Early versus late tracheostomy in patients with severe traumatic head injury

Nasim Ahmed, Yen-Hong Kuo
Surgical Infections 2007, 8 (3): 343-7

BACKGROUND AND PURPOSE: A majority of patients with severe traumatic brain injury (TBI) need ventilatory support and require endotracheal intubation. There has been substantial debate regarding the timing of tracheostomy. We reviewed our data to determine the impact of early tracheostomy on our resources.

STUDY DESIGN: Retrospective review of a consecutive series of patients with severe TBI treated at a Level II trauma center.

METHOD: All 55 patients admitted to the surgical intensive care unit (ICU) with severe TBI from January, 2002 through September, 2005 were reviewed through the trauma registry. The inclusion criteria were severe TBI with a Glasgow Coma Scale (GCS) score < or = eight points at the time of admission and expected survival for longer than three days. All of these patients required mechanical ventilation and subsequently underwent tracheostomy. According to the timing of tracheostomy, subjects were classified as early group (< or = 7 days; N = 27) or late group (> 7 days; N = 28). The Wilcoxon rank sum test, the log-rank test, and Fisher exact tests were used to compare these groups.

RESULT: The average time of the tracheostomy procedure was 5.5 +/- 1.8 (SD) days in the early group and 11.0 +/- 4.3 days in the late group. There were no significant differences between the groups in terms of age, proportion of female sex, GCS, Injury Severity Score, or need for blood transfusion. However, patients in the early group had a significantly shorter stay in the ICU than patients in the late group (19.0 +/- 7.7 vs. 25.8 +/- 11.8 days; P = 0.008). There was no difference between the groups in ventilator days (15.7 +/- 6.0 vs. 20.0 +/- 16.0 days; p = 0.57). There were no significant differences between the groups regarding overall mortality (15% vs. 4%; p = 0.19), incidence of pneumonia prior to tracheostomy (41% vs. 50%; p = 0.59), median total hospital length of stay (24 days vs. 28 days; p = 0.42), discharged to rehabilitation (74% vs. 82%; p = 0.53), or median total hospital cost (292,329 dollars vs. 332,601 dollars; p = 0.26).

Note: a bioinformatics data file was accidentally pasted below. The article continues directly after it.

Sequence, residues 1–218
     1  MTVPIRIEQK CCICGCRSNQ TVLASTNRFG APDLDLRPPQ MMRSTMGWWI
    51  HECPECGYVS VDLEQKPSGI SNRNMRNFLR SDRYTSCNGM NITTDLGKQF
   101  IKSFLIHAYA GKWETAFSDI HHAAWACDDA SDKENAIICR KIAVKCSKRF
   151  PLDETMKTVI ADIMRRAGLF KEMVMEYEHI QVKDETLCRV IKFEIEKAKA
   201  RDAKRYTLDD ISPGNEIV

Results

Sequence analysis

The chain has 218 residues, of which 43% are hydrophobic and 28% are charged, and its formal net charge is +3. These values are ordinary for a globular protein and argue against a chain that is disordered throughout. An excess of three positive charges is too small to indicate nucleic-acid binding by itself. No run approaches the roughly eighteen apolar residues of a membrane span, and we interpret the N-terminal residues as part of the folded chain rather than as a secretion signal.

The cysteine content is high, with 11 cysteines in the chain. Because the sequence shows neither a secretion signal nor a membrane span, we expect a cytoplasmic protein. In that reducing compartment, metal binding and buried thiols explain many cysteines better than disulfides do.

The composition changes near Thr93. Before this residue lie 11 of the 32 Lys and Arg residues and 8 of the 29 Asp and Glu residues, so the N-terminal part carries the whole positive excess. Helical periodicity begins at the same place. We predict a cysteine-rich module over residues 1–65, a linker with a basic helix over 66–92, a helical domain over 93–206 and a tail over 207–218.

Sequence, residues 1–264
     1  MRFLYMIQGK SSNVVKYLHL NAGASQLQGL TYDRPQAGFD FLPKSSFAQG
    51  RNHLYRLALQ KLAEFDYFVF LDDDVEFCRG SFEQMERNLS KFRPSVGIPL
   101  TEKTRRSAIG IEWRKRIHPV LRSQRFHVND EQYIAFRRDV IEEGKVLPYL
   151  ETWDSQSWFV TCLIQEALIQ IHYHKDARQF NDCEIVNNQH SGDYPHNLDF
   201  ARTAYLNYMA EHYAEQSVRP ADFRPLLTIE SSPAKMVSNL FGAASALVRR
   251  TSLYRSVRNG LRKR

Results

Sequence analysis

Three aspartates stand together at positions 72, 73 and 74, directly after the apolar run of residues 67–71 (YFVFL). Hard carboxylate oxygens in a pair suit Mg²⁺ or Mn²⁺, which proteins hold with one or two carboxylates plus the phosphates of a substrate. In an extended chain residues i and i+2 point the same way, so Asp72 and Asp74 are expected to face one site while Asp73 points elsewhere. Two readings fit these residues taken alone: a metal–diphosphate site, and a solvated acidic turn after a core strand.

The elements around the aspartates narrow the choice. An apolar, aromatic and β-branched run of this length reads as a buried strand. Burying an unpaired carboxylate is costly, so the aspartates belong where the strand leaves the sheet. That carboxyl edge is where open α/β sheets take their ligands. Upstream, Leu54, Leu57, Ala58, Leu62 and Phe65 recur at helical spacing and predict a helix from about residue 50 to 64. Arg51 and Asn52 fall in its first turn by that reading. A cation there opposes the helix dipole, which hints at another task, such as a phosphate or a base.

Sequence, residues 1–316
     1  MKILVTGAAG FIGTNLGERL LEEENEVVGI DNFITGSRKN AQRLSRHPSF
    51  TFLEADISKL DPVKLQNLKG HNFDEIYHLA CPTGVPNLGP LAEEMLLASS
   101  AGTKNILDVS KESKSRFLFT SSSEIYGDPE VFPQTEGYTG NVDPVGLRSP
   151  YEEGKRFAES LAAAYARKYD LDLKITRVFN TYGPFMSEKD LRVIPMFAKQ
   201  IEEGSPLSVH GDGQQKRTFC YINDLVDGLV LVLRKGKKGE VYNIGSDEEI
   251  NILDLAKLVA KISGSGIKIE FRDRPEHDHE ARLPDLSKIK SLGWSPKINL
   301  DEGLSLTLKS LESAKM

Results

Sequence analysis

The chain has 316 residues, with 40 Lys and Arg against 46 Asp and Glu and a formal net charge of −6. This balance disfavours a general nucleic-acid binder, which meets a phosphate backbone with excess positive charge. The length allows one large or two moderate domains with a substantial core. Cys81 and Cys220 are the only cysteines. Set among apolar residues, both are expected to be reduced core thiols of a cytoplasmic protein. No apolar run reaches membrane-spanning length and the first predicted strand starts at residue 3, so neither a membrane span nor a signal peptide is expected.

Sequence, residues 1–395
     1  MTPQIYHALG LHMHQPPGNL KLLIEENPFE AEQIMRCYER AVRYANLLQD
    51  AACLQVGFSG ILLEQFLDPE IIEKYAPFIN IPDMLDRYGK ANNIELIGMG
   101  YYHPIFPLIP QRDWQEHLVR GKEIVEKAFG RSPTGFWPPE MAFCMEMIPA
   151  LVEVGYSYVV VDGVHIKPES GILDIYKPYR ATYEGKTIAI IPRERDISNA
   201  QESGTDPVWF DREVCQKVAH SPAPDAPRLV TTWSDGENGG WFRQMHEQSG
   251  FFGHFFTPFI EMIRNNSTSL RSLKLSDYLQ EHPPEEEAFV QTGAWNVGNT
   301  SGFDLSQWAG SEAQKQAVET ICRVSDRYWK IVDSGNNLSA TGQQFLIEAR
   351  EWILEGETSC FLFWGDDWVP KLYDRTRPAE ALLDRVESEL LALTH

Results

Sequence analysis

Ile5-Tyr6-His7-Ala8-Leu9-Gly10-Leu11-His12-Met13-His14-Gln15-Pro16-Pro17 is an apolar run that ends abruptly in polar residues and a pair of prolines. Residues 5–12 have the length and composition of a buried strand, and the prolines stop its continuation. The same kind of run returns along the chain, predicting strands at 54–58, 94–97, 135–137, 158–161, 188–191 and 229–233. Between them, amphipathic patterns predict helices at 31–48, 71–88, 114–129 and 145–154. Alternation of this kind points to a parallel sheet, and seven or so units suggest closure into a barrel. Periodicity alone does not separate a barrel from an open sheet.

CONCLUSION: Early tracheostomy was beneficial, resulting in a shorter ICU stay.

Full Text Links

Find Full Text Links for this Article


You are not logged in. Sign Up or Log In to join the discussion.

Related Papers

Remove bar
Read by QxMD icon Read

Save your favorite articles in one place with a free QxMD account.


Search Tips

Use Boolean operators: AND/OR

diabetic AND foot
diabetes OR diabetic

Exclude a word using the 'minus' sign

Virchow -triad

Use Parentheses

water AND (cup OR glass)

Add an asterisk (*) at end of a word to include word stems

Neuro* will search for Neurology, Neuroscientist, Neurological, and so on

Use quotes to search for an exact phrase

"primary prevention of cancer"
(heart or cardiac or cardio*) AND arrest -"American Heart Association"